> remote BGP speakers MUST be reported via syslog and/or SNMP.”   SNMP?
> AFAIK, there’s no object that can report this inconsistency since there’s
> no NOTIFICATION generated.  In the proposed text by Gunter Van De Velde
> [4], SNMP and syslog were mentioned as examples – I suggest you follow
> that path (no need for all the “flowery language”) and just reference
> mechanisms by example to avoid having to point at how it would be done.

IMO, "brought to the attention of the operator.  Example mechanisms might
include syslog or SNMP notifications."

While you're correct that no IETF standard MIB object covers such a
scenario, we shouldn't be proscriptive about some vendor deciding they want
it in their enterprise implementation.

At some point, we need similar boilerplate language for yang notifications.

> M7. What about transition/migration/partial deployment?  What should the
> behavior be if, for example, an Extended Message UPDATE is received from a
> peer, but can’t be propagated to others because they don’t support
> Extended Messages (think route reflectors or simple eBGP -> iBGP)??  There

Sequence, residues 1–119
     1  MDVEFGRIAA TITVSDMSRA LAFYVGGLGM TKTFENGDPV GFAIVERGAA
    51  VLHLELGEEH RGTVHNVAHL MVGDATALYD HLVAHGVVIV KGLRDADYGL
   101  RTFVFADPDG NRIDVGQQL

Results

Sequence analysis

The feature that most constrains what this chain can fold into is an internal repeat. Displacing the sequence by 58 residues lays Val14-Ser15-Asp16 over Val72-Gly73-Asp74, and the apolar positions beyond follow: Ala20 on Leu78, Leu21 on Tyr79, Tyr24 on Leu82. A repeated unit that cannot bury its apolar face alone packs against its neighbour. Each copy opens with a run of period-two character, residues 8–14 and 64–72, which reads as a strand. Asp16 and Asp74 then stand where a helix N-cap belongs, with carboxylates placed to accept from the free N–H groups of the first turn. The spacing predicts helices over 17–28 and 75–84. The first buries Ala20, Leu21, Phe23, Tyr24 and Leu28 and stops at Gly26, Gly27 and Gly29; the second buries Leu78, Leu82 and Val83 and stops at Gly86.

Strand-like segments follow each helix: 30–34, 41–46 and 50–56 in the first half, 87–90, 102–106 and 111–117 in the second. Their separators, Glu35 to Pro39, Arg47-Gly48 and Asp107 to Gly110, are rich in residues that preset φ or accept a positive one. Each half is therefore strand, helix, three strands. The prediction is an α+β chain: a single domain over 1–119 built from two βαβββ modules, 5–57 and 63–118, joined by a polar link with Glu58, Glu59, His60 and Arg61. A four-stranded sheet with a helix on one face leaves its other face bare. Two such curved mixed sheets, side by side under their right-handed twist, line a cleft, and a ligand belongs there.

> should be some guidance for the general case (i.e. when the total size is
> >4k due simply to the total amount of information, and not because a
> single attribute, for example, is really big), and some requirements
> looking forward to potential new messages/attributes that specifically
> rely on Extended Messages.

I'm not sure such guidance belongs in this document.  We already have
scenarios wherein normal protocol machinery can result in messages that are
too large.  The expected behavior is "treat as withdraw" to the next
downstream, similar to the BGP Error handling RFC.

Examples of this include AS_PATH or CLUSTER_LIST attributes needing to add a
new entry on a full PDU.

> M7.2. What should the default be for this extension?  Should it be enabled by default or not?

IMO, there are good reasons to not turn it on for existing BGP deployments
but alternatively good reasons once the extension is widely enough present
in a given topology.  The latter example includes bgpsec.

-- Jeff